Robin

In the misty English rain
of a late Essex afternoon
the robin sang his piercing melodies
near the kitchen door.
From the back step I watched him
stand near the twisty knots of ivy,
singing, singing, singing.

My landlady said he was staking
his territorial claim for his mate
in their nest inside the hummocky maze
of thick woody ivy tendrils
cowling the high stone wall.
She worried  that a cat would catch them
or the fox seen by neighbours
scaling our garden wall at 3 am.

Robin had a bright orange breast,
a white belly, a tail pointing
straight up behind him, and
subdued brown head and back.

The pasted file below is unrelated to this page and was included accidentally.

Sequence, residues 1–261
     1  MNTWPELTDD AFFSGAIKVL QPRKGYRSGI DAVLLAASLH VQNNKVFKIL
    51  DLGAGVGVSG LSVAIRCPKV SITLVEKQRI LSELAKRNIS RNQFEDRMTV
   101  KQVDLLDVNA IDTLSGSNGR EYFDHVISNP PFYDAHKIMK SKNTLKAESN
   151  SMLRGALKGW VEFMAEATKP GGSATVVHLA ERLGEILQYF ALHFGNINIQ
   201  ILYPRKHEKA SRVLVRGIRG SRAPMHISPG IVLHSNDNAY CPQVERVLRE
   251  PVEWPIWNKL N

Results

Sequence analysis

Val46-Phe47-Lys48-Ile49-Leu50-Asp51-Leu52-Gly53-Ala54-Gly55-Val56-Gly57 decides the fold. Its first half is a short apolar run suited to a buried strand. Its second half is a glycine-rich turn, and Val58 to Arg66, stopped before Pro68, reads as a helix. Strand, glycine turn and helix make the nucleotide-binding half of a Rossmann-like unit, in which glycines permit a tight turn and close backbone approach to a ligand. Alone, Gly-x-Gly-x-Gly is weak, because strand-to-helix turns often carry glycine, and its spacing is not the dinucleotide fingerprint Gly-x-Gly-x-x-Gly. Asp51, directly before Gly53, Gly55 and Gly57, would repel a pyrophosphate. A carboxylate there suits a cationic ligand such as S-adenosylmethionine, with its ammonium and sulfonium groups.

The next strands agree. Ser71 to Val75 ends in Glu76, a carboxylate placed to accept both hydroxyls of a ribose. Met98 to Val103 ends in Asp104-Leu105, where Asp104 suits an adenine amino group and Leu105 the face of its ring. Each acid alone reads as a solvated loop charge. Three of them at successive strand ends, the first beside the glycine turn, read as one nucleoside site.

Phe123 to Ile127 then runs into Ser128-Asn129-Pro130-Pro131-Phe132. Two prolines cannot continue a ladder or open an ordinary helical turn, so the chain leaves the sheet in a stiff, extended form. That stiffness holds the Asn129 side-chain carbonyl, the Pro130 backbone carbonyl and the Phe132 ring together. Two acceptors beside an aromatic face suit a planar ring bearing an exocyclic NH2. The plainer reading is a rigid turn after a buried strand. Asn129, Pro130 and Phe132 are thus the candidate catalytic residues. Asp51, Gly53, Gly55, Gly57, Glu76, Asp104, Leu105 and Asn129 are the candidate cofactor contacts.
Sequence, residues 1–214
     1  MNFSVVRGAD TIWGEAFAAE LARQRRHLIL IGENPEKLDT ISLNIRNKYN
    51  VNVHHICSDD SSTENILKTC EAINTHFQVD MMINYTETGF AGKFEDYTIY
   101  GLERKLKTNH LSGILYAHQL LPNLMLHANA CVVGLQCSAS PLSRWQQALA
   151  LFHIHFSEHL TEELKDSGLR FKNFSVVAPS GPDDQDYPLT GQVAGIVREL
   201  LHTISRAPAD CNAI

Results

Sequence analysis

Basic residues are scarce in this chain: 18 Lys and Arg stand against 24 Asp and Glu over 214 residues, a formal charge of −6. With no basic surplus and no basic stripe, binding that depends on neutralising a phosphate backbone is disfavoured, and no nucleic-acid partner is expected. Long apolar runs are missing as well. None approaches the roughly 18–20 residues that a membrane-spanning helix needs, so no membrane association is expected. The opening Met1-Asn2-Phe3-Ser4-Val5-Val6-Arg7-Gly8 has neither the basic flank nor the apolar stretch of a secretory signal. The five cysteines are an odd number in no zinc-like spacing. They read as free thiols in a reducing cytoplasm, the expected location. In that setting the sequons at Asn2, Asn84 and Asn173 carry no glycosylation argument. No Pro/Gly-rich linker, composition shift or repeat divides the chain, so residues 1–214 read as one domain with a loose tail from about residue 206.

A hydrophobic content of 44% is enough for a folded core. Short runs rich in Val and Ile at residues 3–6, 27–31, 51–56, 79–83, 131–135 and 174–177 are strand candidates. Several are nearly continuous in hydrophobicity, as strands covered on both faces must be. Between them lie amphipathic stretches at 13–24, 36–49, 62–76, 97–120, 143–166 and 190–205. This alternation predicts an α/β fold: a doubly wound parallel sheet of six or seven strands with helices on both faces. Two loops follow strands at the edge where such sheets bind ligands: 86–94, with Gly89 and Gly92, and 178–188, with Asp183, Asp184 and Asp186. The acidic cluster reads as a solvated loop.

He reminded me of the little fantail
of similar size and colouring
back in my home country.
Little piwakawaka calls shrilly
unafraid of nearby humans as he
searches for tasty insects, his tails fans
out as he hops from branch to branch.

I saw and heard robin only once,
for a month later my work ran out
and I had to return home,
half way around the world
back to the home of the fantail.

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Robin

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